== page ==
- The account should have low or no fees.
- Your funds should not be locked in or incur penalties if you need to withdraw your money.
- You should earn interest on your savings.
Here are a few options you may consider.
Personal Savings Account
Savings accounts are a great place to safeguard your money. Unlike chequing accounts, which are used for frequent withdrawals, savings accounts are intended as a place to store funds.
Generally, personal savings accounts have low or no fees. They have few restrictions and offer excellent accessibility. Although these types of accounts typically have lower interest rates, sometimes as low as 0.05%, you may be able to find a great offer.
For example, the Tangerine Savings Account is offering new customers a 2.80% interest rate for the first five months. After that, earn 0.25% interest compounded daily. No minimum balance is required, and there are no monthly fees. This special offer applies to accounts opened between April 1, 2020, and July 30, 2020.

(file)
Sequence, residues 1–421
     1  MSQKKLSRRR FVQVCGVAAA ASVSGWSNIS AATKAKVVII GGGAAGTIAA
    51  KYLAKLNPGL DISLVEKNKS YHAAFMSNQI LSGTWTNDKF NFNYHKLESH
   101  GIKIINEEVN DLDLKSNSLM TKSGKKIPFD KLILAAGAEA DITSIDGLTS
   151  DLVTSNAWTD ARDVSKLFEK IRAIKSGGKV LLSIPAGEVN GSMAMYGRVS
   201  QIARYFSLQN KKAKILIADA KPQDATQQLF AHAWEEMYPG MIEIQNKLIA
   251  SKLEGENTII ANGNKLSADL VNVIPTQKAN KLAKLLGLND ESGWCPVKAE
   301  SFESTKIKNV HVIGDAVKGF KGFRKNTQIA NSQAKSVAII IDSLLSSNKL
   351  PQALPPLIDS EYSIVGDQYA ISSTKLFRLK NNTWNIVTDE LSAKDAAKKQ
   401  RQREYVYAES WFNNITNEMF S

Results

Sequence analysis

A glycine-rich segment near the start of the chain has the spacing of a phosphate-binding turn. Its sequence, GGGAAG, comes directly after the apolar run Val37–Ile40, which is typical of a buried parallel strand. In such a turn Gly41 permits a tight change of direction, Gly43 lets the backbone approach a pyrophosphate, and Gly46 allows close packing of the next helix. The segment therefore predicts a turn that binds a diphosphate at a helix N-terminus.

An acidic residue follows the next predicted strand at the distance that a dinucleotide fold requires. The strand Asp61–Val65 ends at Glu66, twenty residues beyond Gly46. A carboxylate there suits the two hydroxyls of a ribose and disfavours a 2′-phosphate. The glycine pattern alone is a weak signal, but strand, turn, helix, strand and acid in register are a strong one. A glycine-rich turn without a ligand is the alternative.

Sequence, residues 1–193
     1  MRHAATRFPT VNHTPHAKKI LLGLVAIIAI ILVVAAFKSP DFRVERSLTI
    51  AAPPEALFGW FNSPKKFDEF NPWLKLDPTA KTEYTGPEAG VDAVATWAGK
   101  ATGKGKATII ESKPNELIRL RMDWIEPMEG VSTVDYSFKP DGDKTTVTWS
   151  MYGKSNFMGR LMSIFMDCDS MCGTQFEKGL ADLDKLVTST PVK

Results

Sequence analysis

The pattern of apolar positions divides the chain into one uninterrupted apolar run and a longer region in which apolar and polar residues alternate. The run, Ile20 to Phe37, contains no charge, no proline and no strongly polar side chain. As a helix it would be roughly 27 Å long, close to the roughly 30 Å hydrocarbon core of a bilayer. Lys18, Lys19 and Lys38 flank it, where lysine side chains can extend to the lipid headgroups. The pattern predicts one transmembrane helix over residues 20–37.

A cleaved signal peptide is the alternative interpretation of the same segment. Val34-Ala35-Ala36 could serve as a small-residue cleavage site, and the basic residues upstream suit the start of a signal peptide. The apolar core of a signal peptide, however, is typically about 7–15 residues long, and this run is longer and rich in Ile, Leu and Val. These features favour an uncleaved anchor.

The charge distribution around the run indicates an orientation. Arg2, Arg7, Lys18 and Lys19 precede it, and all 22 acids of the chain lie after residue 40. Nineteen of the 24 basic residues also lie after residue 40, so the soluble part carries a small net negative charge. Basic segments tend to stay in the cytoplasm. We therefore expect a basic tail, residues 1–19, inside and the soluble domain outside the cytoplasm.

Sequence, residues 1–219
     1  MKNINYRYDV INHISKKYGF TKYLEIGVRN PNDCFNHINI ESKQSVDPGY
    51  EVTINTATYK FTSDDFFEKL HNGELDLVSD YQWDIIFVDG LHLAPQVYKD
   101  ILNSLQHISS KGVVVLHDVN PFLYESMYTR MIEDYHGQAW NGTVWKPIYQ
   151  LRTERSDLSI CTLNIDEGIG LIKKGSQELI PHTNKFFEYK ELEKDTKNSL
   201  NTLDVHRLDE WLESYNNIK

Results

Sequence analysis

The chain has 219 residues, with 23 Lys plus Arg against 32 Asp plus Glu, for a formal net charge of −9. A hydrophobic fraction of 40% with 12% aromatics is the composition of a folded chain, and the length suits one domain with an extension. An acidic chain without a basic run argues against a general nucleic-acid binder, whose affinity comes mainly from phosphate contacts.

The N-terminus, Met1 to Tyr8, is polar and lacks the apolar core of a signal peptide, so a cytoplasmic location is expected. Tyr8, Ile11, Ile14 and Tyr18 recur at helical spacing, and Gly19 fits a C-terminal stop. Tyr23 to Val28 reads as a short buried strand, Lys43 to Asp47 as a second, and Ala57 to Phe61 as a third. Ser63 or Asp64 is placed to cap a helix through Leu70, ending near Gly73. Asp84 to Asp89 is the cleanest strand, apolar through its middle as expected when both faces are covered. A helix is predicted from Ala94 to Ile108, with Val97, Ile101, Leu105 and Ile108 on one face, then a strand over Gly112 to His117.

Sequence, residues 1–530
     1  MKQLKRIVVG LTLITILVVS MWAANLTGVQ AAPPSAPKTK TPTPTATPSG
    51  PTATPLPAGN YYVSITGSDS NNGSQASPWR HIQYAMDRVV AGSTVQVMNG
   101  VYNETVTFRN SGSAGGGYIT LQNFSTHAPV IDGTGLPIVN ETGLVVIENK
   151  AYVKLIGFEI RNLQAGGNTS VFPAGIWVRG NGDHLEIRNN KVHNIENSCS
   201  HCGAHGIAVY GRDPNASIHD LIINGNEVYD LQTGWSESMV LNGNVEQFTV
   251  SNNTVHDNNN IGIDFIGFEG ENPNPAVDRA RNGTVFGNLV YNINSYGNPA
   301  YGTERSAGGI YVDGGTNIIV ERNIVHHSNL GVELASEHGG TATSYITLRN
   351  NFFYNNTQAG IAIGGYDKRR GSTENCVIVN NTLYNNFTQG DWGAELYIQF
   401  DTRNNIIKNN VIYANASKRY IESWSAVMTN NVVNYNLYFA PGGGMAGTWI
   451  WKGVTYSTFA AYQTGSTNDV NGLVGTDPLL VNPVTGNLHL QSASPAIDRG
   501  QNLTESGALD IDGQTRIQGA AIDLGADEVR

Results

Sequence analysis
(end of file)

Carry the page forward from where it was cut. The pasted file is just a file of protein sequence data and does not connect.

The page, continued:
High-Interest Savings Account
High-interest savings accounts (HISA) are considered a low-risk option for storing assets, much like a personal savings account. But they tend to offer higher interest rates. Some restrictions may include minimum balance requirements or account fees. However, the following two HISAs offer a 2.00% interest rate, which is generally the best in the market, with no monthly fees or transaction limits. Plus, access your money as you like without incurring penalties.
|Rate||High-interest Savings Account|
|2.00%||EQ Bank Savings Plus Account|
|2.00%||Oaken Savings Account|